In response to Macs not lasting as long: In the days of yore (Mac 128k, Apple ][s) Back then those motherboards were basically simple one layer sides. Today, a G4 motherboard has 14 layers! In addition, the components are no longer simple DIP chips, rather small SOIC Chips, miniscule resistors, miniscule everything, basically. These boards are many times the complexity of the older boards, and with complexity brings a greater chance of breaking down.
  • Reply 15 of 20
    defiantdefiant Posts: 4,876member
    [quote]Originally posted by Mac Write:

    <strong>Internal firewire ?</strong><hr></blockquote>



    This has already been here.

    My PowerMac G4 AGP has one internal FireWire port.

    It's pretty cool ! :cool:
  • Reply 16 of 20
    mac writemac write Posts: 289member
    [quote]Originally posted by Defiant:

    <strong>



    This has already been here.

    My PowerMac G4 AGP has one internal FireWire port.

    It's pretty cool ! :cool: </strong><hr></blockquote>



    Apple took out the Internal Firewire port in the QWuickSilver G4's. So I hope when I get the G5 second revision, it has an internal firewire port.



    Also I have a Rev A Beige G3 MT and am thanking the lord I didn't get a Rev B. Sure it has a Rage Pro with 6MB RAM, but it also only have a IDE Zip drive, with isn't bootable. I have an Internal SCSI Zip drive that is bootable.
  • Reply 17 of 20
    lucaluca Posts: 3,833member
    Let's see... I recently got a 1986 SE with a 800k floppy and a 20 MB internal hard drive, and the hard drive died when I tried to reformat it. Then again, it is sixteen years old, and it worked before the reformat. I just use two floppies (I have an external one also) for it.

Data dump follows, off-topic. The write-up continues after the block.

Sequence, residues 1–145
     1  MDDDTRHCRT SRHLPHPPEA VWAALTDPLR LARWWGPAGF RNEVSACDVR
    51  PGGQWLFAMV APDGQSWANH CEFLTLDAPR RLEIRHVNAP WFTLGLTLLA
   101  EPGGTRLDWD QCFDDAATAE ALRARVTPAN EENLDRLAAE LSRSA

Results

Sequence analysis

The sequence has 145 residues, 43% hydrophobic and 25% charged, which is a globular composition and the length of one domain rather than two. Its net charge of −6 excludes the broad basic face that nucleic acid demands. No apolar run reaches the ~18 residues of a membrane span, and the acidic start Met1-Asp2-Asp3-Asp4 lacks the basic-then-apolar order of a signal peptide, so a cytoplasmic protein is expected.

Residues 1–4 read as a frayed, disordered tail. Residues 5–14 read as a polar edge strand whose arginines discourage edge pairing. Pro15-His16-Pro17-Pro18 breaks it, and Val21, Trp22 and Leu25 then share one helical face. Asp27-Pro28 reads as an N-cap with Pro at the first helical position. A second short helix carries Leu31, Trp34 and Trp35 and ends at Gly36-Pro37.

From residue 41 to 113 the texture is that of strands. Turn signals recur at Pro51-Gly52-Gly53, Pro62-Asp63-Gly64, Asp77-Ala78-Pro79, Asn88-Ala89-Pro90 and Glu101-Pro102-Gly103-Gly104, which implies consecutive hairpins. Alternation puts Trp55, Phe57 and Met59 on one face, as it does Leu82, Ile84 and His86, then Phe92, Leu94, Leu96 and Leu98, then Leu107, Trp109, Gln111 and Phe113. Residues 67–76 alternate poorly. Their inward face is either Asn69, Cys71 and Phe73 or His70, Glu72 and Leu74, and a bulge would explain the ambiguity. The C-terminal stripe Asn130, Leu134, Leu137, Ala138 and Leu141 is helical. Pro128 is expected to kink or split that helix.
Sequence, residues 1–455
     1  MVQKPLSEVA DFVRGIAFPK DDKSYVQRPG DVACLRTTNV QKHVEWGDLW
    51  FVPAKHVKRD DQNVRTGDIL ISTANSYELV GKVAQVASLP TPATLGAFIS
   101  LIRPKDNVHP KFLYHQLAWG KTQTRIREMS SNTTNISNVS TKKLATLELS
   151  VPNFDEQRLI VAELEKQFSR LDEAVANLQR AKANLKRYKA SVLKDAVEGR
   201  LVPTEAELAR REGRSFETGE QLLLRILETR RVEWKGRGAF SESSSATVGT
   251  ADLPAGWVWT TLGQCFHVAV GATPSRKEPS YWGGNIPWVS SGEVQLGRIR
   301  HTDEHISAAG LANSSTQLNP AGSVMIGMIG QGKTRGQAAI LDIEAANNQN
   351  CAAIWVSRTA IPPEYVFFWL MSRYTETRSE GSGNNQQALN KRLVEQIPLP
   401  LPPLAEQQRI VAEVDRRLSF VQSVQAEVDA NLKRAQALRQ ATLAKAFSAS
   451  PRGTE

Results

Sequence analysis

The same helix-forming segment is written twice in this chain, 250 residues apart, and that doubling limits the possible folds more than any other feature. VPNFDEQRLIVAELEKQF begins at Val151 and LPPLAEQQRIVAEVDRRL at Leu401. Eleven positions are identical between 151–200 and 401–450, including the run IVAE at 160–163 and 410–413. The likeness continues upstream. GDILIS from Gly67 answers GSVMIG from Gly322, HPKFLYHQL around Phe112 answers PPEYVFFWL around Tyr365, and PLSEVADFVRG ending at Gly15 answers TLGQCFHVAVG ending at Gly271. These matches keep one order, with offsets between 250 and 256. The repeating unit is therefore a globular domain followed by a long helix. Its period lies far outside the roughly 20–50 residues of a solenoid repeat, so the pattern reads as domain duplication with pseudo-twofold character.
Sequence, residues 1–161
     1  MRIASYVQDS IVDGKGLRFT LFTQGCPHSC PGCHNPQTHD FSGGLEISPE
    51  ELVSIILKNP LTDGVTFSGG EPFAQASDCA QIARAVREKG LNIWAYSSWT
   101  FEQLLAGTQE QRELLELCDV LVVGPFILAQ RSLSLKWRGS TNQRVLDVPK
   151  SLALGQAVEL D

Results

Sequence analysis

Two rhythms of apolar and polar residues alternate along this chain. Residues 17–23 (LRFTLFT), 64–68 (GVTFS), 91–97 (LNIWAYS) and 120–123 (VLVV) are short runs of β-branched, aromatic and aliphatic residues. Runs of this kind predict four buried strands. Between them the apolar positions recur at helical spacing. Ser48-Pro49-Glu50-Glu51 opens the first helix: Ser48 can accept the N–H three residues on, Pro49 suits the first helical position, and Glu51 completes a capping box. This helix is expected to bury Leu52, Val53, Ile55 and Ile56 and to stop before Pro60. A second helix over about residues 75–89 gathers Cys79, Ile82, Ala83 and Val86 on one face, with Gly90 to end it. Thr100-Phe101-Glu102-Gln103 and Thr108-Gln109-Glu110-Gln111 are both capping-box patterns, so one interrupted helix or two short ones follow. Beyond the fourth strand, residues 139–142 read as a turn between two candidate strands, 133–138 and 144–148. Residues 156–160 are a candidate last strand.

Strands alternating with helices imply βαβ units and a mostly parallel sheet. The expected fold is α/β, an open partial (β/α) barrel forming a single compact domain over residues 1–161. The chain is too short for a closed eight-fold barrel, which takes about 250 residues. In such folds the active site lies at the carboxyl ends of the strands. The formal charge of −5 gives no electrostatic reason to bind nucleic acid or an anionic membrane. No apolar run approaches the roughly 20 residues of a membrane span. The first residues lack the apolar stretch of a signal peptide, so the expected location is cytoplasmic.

My brother has a Rev. B iMac, and it works perfectly except for the CD drive. It roars with some discs, works quietly with very few discs, works only if he starts the CD spinning before putting it in the computer on some discs, and occasionally doesn't work at all. He uses a CD burner whose burning software has gone kaput as his CD drive, and it's much more reliable.



    The other computers in my house (four year old Wallstreet PB, three year old B&W G3, brand new TiBook 550/Combo, nine year old Performa 630CD) have shown no problems with any of their hard drives, but one of the USB ports on the B&W G3 is a bit flaky. Also, the computers that I've recently gotten rid of (8100/100, 7100/80, 7100/66, 7200/120) were all working great when they were sold or given away (all within the last year).



    [ 05-13-2002: Message edited by: Luca Rescigno ]</p>
  • Reply 18 of 20
    crusadercrusader Posts: 1,129member
    My CDROM on my good'ol Rev. A has crapped out, but other than that my iMac is fine. I also have a old 636 Performa that works flawlessly except for the PRAM battary, and I have a Classic II that performs 24/7.
  • Reply 19 of 20
    aslanaslan Posts: 97member
    I still have a PM 7500 and a Beige G3 minitower (artemis) @ 333 MHz (top model at the time). i am still using MacOS 9 on these though.



    Though I would concur with the "Never buy version 1.0 of products from Apple" bit. This is true of other companies also I suppose, but Apple has history of being particularly bad.



    E.g.: Powerbook 5300ce. Made a nice egg skillet. Sucked major ass as a powerbook.



    I was stupid enough to buy one. (Thankfully, Apple realized their mistake several years later and offered me a deal to get a 400 MHz Pismo for $700. THAT made me happy and much more loyal than I was before! )
  • Reply 20 of 20
    resres Posts: 711member
    I gave my quadra 650 away to a friend aboout 3 years ago. She passed it on to one of her friends about a year ago, and last I heard it was still working fine. That computer is only around 8 years old -- my father is still using our Apple ][e which came out in 1983 :eek: